to indicate if companies seeking venture/equity capital understand the degree of influence
required by venture capital firms, such as a seat on the board of directors. Mainly
because businesspeople from more rural areas lack up-close exposure to venture capital
and how it operates, we hypothesize that West Virginians will be viewed as not
especially knowledgeable about venture/equity capital. For the same reason we also
hypothesize that businesspeople from rural areas will be perceived as less knowledgeable
than their urban counterparts. Further, we hypothesis that West Virginia businesses
which seek venture capital investments are not especially knowledgeable about the nature
and level of influence required by venture capital firms.
A related area concerns the amount of interaction between venture capital firms
and the businesses that they fund with equity capital. Several experts have indicated that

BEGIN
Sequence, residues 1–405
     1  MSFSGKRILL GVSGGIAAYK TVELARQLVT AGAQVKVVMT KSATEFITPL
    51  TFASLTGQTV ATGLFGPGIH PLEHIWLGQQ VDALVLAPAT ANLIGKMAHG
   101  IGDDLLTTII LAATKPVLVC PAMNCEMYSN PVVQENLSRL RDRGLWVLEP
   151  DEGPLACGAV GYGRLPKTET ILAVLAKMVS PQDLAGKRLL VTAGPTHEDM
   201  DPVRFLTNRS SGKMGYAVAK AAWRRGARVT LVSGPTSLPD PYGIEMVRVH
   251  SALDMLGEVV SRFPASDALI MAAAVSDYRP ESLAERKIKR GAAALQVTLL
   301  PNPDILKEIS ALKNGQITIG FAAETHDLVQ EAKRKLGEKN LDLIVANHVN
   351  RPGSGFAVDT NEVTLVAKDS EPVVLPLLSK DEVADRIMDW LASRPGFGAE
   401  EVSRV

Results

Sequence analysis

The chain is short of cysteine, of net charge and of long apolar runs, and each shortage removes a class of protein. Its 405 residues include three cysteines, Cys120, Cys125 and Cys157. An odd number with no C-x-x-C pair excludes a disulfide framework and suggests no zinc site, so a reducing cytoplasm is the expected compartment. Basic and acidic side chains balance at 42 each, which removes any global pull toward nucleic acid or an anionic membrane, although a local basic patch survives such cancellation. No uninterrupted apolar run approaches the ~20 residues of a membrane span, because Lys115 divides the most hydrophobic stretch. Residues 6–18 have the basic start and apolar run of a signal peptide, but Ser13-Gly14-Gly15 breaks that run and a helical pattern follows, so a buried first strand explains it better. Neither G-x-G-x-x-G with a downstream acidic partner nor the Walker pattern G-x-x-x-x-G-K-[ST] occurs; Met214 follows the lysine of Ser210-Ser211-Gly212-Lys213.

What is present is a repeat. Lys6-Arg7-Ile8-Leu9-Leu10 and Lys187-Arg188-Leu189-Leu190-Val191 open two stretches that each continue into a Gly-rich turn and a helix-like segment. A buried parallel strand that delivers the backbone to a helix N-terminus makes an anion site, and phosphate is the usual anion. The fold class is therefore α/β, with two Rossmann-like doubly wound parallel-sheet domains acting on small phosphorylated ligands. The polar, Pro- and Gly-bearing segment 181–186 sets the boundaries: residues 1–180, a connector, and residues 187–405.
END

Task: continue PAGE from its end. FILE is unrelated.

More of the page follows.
this lack of “deal flow” is a barrier to venture capital penetration into less densely
populated areas and communities (Barkley; Barkley and Markley). (Economists might
term this as trading in a thin market.) We attempt to ascertain whether this is perceived
as a barrier by venture capital firms operating in West Virginia through a five-Scale
Likert question. Our hypothesis is that a lack of deal flow will be seen as a major
impediment to venture capital penetration into rural states and areas such as West
Experts also state that effective entrepreneurial networks in urban areas and the
lack of such networks in rural areas explain part of the differences in growth rates
between rural and urban economies. Examples include the informal and formal networks
that supported venture capital activity in fast growing economies such as Silicon Valley.
Arguably, at least part of the success of venture capital can be explained by formal and
informal networking by entrepreneurs. For rural areas, the development of new ideas
into marketable products may be retarded by the lack of adequate support networks.
Venture capital firms may be more than willing to finance rural-based ventures, but